The storm finally passed, but the Sea Venture‘s leaks picked up speed. Crew and passengers bailed feverishly, the Admiral jettisoned the starboard guns… and that’s when a second hurricane rolled over the beleaguered ship. Admiral Somers manned the helm throughout the storm, and Strachey wrote, “For four-and-twenty hours the storm in a restless tumult had blown so exceedingly as we could not apprehend in our imaginations any possibility of greater violence…the waters like whole rivers did flood the air…winds and seas were as mad as fury and rage could make them.”

Two days later, water had risen by nine feet in the ship’s hold. Crew and passengers could not bail faster than the Sea Venture leaked. On 28 July, lookouts spotted a rocky coast surrounded by protruding coral reefs. Knowing the ship would soon sink, Admiral Somers deliberately rammed the Sea Venture aground onto a reef. The ship “fell in between two rocks,” and, somehow, all of the passengers and crew evacuated to the nearby island. The land was surprisingly fruitful, and over the next nine months, the marooned settlers and sailors built two new ships, the Deliverance and the Patience. Each of these ships reached Jamestown in 1610, but several passengers chose to stay behind. This marked the beginning of the colonization of the Bermuda Isles.

Eventually, William Strachey returned to England where he shared his written experiences with his friends, one of whom was William Shakespeare. Most Shakespearean scholars believe Strachey’s account of the incident is the source for Shakespeare’s play The Tempest.

Mother Nature’s Fury: 10 Devastating Historical Hurricanes, 1502-1780
Track of the Great Colonial hurricane of 26 August 1635. Wikipedia

August 24, 1635: The Great Colonial Hurricane

The Great Colonial Hurricane of 1635 hit the Jamestown Settlement and the Massachusetts Bay Colony. Scholars believe it was the first hurricanes to have struck the New England colony, occurring fifteen years after the founding of the Plymouth Colony. Although the hurricane’s exact track is unknown, several eyewitness accounts describe the storm.

First sighted on August 24, 1635, witnesses in the Jamestown Colony noted the massive storm as it grazed their colony, and moved rapidly to the northeast. Several days later, the hurricane made landfall near Narragansett, Rhode Island in the early morning, where it produced twenty-foot storm surges, toppled hundreds of trees, and destroyed homes. William Bradford, who lived in Plymouth Plantation, stated the hurricane “was such a mighty storm of wind and rain as none living in these parts, ever saw… It caused the sea to swell to the southward above 20 feet right up and down…” An estimated forty-six people died, including seventeen Native Americans, the storm swept into Narragansett Bay’s rising tides.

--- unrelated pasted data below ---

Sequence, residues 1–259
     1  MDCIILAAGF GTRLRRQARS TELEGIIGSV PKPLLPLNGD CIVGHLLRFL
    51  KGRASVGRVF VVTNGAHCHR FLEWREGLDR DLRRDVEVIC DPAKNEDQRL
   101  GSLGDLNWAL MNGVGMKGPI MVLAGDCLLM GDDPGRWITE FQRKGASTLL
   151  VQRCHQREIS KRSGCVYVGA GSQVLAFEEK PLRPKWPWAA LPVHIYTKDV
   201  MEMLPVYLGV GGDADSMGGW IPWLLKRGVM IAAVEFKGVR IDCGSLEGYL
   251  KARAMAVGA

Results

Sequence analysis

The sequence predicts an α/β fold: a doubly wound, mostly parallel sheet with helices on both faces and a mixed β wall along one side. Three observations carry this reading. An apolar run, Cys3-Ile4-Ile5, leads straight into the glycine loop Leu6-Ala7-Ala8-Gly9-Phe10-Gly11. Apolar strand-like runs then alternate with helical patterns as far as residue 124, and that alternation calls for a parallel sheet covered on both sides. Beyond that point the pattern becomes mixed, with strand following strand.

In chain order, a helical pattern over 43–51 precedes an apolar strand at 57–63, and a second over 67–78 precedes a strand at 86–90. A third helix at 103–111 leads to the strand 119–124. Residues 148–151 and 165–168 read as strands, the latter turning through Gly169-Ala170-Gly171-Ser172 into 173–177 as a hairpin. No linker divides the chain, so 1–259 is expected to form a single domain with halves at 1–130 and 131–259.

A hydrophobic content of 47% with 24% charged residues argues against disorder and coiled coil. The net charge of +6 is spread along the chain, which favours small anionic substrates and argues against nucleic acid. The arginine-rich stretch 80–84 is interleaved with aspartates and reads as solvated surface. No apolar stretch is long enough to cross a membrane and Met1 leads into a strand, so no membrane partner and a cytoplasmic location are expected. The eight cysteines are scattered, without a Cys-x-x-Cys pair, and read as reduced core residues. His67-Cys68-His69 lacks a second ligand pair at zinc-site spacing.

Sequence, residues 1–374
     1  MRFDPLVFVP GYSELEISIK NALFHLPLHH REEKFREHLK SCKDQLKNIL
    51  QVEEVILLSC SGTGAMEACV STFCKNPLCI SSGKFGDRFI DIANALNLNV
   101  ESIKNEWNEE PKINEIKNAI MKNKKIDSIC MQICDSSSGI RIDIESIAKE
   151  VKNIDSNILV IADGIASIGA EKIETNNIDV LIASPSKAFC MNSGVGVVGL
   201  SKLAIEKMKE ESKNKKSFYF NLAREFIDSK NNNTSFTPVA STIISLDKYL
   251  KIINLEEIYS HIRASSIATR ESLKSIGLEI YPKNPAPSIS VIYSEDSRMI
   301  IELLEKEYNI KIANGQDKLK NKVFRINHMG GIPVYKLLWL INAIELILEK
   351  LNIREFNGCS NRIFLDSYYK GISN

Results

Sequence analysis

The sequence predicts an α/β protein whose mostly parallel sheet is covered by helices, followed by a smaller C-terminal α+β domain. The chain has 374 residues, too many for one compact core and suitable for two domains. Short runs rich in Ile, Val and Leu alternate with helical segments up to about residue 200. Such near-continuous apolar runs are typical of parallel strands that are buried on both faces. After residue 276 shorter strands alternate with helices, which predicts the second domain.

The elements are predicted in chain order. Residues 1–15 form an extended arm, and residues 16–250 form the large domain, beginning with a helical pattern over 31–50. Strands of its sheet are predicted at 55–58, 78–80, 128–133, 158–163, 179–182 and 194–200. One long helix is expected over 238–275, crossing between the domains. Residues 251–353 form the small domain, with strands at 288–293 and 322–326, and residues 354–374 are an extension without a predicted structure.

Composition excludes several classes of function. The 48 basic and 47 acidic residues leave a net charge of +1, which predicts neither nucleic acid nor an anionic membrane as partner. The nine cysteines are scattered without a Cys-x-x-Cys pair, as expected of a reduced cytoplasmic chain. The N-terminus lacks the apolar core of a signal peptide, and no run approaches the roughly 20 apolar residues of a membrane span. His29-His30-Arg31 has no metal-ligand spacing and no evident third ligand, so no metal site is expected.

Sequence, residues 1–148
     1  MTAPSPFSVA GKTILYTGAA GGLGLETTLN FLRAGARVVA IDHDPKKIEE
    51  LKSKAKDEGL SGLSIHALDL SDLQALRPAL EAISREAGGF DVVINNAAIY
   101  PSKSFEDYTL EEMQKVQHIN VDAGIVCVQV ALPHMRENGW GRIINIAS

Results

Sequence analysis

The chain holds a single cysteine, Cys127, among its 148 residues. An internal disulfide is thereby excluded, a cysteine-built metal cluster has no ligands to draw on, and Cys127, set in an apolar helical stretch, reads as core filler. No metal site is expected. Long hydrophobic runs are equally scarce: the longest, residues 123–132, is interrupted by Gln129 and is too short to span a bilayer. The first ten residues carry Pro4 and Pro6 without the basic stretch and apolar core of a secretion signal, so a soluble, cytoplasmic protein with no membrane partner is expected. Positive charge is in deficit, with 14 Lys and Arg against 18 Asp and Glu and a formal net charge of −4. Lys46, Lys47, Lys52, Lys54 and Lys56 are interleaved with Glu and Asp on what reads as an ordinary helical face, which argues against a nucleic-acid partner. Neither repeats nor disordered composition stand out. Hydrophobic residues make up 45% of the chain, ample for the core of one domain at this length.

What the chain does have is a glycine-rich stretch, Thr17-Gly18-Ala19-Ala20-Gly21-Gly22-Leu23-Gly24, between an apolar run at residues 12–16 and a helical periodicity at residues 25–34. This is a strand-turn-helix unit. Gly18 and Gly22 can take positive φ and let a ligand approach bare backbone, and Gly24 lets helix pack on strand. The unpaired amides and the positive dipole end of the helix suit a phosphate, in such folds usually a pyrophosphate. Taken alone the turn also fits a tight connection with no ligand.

The storm arrived in Boston near midnight, blanketing the sea surrounding the region, and catching a small ship in its fury. Prior to the storm’s arrival, twenty-one Puritan settlers, including Anthony Thacher, his cousin Avery, their families, and friends, boarded a small ship in Ipswich, which was bound for Marblehead. It was a short journey, but the hurricane caught the ship near the city of Gloucester. The sailors attempted to drop anchor and ride out the storm. The anchor, however, was no match for the intensity of the hurricane’s winds and rough seas. The storm tossed the ship about until smashing it against the rocks of a small offshore island. The hurricane swept the sailors away, and Thacher and his family clung to the rocks as the remains of the ship washed into the ocean.

Thacher later wrote that he said to cousin, “I am willing and ready here to die with you and my poor children. God be merciful to us and receive us to himself!” The waves continued to pound at the desperate survivors, but the powerful swells ripped the families from the rocks and washed them into the sea. The current carried Thacher and his wife to the island, but no one else survived. The small island still bears the name “Thacher’s Island” in memory of the disaster.

Mother Nature’s Fury: 10 Devastating Historical Hurricanes, 1502-1780
Satellite image of dual tropical cyclones. Pinterest

September 6, 1667: The Dreadful Hurricane of 1667

First sighted off the Lesser Antilles on September 1, 1667, the “Dreadful Hurricane of 1667” remains one of the most devastating storms in Virginia’s history. The hurricane moved through the Outer Banks of North Carolina on September 6th, and made landfall just outside of the Jamestown Colony. The massive storm lashed at the colony for twenty-four hours, and violent winds ripped through the settler’s homes, farms, and livestock. Unfortunately for the colony, this was only the first stage of their disaster.

Colonial Secretary Thomas Ludwell wrote to Virginia Governor Lord William Berkeley stating, “It was accompanied with a most violent rain but no thunder. The night of it was the most dismal time I ever knew or heard of, for the wind and rain raised so confused a noise, mixed with the continued cracks of failing houses…..The waves were impetuously beaten against the shores and by that violence forced and as it was crowded into all creeks, rivers and bays to that prodigious height that it hazarded the drowning of many people who lived not in sight of the rivers, yet were then forced to climb to the top of their houses to keep themselves above water.” The secretary estimated the storm destroyed 10,000 homes, and the crops, the lifeblood of the colony, sustained severe damage.